A Glimmer of Hope: Counties Going From Red to Yellow
May 20, 2020
The fallout from the COVID-19 Pandemic has had a far-reaching effect beyond the illness it causes. It has uprooted people’s lives financially, mentally and physically due to the shutdown affecting many states, including Pennsylvania. Governor Tom Wolf has instituted three phases in the state: red – only essential activities or businesses like grocery stores and pharmacies can be open, gatherings of only 10 or less people while following CDC and state guidelines; yellow – essential activity continues, some businesses and activities can open up while following CDC and State guidelines and gatherings of 25 or less people and green- opening up of all activities and businesses while following CDC and State guidelines. As of May 14, Susquehanna and Wayne counties were in the red phase, despite having low case amounts and deaths per population and guidelines set by the state. That caused a lot of frustration. So much so, Al Bisner, Hallstead, put together a rally against Susquehanna County not moving forward. It was held on May 11, in conjunction with a press conference given by the Susquehanna County Commissioners in Montrose. “It’s not right what’s happening. I wanted our voices heard. My sister-in-law’s restaurant closed, my dad, brother and cousin lost their jobs. We have bad leadership (Wolf). I was in the Army and fought for other countries’ freedoms. I am fighting for ours,” he said. Pastor Tim Madden, Cornerstone Baptist Church, Browndale, Wayne County, felt passionate about the rally and lended support by speaking at the rally, “I am seeing a huge injustice. Big box stores are functioning. It’s personal. People I shepherd. Friends, neighbors that are not able to take care of their families. Multi-generational businesses that will go under. I grew up with relatives who had small businesses. They put their blood, sweat and tears into them,” he said. Commissioners from both Susquehanna and Wayne County said they understood the plight of their residents and respectfully asked the governor to move their counties into the yellow phase since they met the criteria instead of rebelling and opening up on their own.
A shift occurred on May 15 when the governor announced that both counties would be included in the next round of counties going into the yellow phase on May 22. Susquehanna County Commissioner Alan Hall said, “It’s a step in the right direction.” When asked if he thought the rally helped with the decision, he said no. “No, the rally didn’t help. The press conference, thousands of emails, letters and articles in the papers did. I am happy the rally didn’t detract from it. The rally didn’t put the county in a good light.” Wayne County Commissioners issued a statement thanking Governor Wolf, state representatives, economic and chamber partners, health care professionals and the business community. “All have combined to work as a team with the best interests of Wayne County at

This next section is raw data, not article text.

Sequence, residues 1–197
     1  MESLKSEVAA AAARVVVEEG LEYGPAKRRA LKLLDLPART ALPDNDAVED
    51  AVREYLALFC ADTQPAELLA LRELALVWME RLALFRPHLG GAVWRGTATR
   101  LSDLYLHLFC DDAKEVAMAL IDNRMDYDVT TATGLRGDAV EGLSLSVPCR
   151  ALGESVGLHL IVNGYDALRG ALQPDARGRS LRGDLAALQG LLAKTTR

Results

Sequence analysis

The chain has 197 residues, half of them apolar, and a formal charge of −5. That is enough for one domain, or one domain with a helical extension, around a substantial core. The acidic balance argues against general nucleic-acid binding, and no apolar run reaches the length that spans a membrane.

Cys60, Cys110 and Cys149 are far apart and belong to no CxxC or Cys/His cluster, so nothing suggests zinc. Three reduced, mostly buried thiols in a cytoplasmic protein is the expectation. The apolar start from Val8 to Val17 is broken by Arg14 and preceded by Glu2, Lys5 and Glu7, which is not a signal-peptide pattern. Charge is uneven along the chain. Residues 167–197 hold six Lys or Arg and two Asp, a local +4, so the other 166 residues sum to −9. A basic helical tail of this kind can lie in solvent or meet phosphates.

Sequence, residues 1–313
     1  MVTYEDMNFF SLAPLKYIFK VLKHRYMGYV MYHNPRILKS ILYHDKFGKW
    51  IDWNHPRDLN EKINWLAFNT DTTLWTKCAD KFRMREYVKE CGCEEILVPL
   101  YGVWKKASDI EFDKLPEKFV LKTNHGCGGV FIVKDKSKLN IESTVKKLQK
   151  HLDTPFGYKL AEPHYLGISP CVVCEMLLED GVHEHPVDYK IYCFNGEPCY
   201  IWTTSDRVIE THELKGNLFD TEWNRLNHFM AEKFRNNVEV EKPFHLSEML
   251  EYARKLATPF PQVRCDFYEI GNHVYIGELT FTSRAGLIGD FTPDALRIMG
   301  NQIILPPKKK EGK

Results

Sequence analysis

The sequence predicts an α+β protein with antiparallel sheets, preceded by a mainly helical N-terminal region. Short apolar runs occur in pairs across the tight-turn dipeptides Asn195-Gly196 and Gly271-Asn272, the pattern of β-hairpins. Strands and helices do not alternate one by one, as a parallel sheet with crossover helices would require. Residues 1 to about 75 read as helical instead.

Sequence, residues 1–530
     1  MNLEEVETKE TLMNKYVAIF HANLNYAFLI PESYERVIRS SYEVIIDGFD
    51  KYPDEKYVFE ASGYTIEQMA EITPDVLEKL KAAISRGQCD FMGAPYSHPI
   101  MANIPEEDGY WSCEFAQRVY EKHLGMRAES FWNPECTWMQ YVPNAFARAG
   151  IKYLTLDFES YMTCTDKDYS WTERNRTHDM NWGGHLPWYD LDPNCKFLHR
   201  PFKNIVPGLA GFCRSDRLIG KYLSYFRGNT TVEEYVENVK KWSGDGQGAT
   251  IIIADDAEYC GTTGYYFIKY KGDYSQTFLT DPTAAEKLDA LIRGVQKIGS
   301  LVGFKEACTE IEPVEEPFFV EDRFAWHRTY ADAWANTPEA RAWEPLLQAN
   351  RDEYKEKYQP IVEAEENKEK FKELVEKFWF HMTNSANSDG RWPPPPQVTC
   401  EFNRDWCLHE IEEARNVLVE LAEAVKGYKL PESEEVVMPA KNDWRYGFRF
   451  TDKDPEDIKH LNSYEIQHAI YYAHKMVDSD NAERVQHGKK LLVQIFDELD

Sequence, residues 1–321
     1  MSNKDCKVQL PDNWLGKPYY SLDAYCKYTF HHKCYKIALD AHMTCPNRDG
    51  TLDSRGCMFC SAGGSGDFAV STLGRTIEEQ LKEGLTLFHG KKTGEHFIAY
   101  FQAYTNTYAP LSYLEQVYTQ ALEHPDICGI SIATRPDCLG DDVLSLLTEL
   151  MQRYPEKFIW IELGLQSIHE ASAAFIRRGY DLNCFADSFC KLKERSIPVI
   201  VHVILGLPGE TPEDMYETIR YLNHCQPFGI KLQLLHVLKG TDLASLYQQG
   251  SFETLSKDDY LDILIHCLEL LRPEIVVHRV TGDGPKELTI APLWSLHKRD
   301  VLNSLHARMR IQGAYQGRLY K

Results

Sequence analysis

heart. We also want to thank our residents and visitors who have adhered to protocols and guidance and helped us get to this point,” they said.
On the Village Green in Montrose, Sarah Rudock said it was wonderful news. “Freedom over fear. They are using scare tactics. I’m not saying there isn’t a virus. If everyone washes their hands and uses common sense, it will be good,” she said. While Valerie S. is happy about the news, she said she is concerned about politicians actions and the future. “We have a totalitarian government in the state. I am very disappointed in our representatives. They missed the ball. What they tell voters doesn’t match up with what they do in Harrisburg. The previous representatives and senators gave the governor the sole right for the disaster declaration. Government is never run best with one person in charge. All people are fallible. I am very concerned about the rising debt. The implications it will cause in the next decade. We need to be more autonomous in our funding so we aren’t backed into a corner again. My main concern is that the county will move back to red if it spikes again,” she said.
Madden said he heard the news after giving the prayer at the ReOpen PA Rally in Harrisburg. “At first I felt immediate relief knowing the freedoms we would want to have again. A little later I thought, this is not over. There are so many people in our community with businesses, especially restaurants that are still suffering. I believe the rally in Montrose definitely helped the cause. Not only did it receive regional attention, it was on the national news as well. It definitely gave me some satisfaction for all the people who were there to support the endeavor.” Bisner could not be reached for comment.